Over the past five months, the killer disease has swept through southern India, Bangladesh and Nepal. The World Health Organisation (WHO), which has issued warnings throughout the region, said there was 'an ominous possibility' that over the next three years this new strain of cholera could advance beyond southern Asia to Africa, the Middle East and southern Europe. 'The really bad news,' said one international health expert, 'is that it doesn't respond to any of the old cholera vaccines.'
It is a scientific mystery how and where this new strain, Vibrio cholerae 0139, came into being. Dr Balkrish Nair, a Calcutta toxicologist who discovered it, said: 'It's extremely toxic, hardier than all other cholera bacteria and it spreads very rapidly. The chances of those characteristics coming together in one kind of cholera organism were probably a trillion to one, but it's happened.'
Although first detected in Madras, southern India, last November, the bacterium is now known in laboratories around the world as Bengal cholera, because its impact there has been most devastating. In India's West Bengal state, the official death toll is put at 800, but some health experts claim that the government is suppressing the true figures to stem panic. The fatalities, according to one prominent Calcutta physician, Dr Bishnu Mukherjee, are probably closer to 3,000, with at least as many deaths in neighbouring Bangladesh.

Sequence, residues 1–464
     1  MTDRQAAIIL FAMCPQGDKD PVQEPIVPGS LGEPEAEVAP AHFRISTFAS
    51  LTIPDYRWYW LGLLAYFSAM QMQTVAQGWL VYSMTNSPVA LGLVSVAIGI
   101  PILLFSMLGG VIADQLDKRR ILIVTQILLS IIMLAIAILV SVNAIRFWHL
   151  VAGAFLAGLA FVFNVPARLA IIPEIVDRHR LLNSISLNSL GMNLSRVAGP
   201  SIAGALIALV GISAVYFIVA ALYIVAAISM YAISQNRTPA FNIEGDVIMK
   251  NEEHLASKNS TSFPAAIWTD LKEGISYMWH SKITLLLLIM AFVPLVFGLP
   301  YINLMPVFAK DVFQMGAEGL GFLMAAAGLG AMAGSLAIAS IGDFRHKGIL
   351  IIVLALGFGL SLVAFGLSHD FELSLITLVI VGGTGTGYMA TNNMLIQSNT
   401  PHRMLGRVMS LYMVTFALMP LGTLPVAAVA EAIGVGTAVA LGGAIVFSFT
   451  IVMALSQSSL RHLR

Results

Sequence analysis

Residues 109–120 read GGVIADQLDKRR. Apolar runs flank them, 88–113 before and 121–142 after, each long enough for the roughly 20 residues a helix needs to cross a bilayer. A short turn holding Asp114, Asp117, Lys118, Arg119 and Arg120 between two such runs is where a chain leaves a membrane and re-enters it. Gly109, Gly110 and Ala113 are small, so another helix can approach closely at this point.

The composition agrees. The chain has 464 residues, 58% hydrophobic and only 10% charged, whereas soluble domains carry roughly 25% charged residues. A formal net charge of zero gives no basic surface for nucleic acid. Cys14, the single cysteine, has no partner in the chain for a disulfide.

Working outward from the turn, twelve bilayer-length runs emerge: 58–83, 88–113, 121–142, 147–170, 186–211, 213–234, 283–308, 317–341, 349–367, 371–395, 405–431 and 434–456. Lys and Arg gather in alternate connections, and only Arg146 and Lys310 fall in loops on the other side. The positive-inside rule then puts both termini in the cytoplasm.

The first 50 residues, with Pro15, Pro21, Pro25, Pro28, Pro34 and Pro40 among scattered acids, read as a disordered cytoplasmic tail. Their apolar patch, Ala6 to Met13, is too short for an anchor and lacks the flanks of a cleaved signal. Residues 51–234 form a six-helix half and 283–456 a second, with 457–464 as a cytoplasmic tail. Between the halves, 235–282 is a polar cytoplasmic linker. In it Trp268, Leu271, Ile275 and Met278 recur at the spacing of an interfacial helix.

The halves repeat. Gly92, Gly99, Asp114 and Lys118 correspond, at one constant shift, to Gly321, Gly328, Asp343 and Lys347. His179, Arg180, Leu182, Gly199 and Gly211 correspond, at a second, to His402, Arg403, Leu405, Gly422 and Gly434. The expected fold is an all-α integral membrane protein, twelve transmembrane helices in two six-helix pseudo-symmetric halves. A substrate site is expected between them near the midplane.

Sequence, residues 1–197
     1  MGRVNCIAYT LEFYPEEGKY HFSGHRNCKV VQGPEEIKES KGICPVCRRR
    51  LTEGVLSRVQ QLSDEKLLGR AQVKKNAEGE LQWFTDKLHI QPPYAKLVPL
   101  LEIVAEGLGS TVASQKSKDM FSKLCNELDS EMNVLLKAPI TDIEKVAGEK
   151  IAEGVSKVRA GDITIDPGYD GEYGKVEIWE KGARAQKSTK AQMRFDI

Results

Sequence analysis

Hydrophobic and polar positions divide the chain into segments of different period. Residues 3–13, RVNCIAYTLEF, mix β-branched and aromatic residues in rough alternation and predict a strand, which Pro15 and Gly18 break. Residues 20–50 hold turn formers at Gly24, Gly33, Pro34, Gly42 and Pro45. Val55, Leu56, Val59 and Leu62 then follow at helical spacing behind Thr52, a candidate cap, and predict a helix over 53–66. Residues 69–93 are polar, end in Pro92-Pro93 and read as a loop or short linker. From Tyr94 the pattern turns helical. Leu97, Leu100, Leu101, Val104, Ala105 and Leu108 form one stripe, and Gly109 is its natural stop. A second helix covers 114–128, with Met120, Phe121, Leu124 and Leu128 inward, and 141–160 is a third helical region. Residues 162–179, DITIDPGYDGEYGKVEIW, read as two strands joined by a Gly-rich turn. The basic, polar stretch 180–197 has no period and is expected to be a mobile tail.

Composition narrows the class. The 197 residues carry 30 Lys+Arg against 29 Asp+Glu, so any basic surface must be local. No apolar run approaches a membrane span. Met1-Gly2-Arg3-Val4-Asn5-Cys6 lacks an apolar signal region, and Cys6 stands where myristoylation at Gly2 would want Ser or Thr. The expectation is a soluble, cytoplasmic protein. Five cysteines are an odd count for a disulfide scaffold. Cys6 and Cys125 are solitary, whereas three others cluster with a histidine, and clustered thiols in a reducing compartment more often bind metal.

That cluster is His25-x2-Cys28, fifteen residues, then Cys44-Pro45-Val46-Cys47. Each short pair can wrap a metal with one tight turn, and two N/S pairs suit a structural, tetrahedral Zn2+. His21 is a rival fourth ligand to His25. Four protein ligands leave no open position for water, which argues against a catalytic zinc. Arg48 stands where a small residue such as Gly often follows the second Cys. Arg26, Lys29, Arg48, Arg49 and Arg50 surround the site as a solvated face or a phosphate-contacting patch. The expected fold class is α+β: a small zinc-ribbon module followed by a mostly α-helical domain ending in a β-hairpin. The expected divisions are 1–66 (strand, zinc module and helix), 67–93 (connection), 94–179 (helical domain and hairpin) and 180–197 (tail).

West Bengal's swampy, tropical delta of the Ganges has long festered with cholera. It was first noted by India's Hippocrates, Charaka, in the fourth century. Many early British colonisers succumbed to cholera, which they blamed on foul vapours. Six other cholera epidemics this century, some of which reached as far as Latin America and Europe, all originated in the Ganges delta. Scientists claim this new strain could be the most virulent yet.
Deprived of any medical antidote, panicked Bengalis are turning to superstition: idols of the cholera goddess, Shitula, portrayed as a benign-looking woman riding a donkey, have begun to appear in many slums and neighbourhoods hit by the disease.
The macabre scene inside Calcutta's Infectious Disease Hospital, where more than 22,000 cholera victims were admitted last month, may soon be commonplace in many cities and countries throughout the developing world, once the new disease spreads.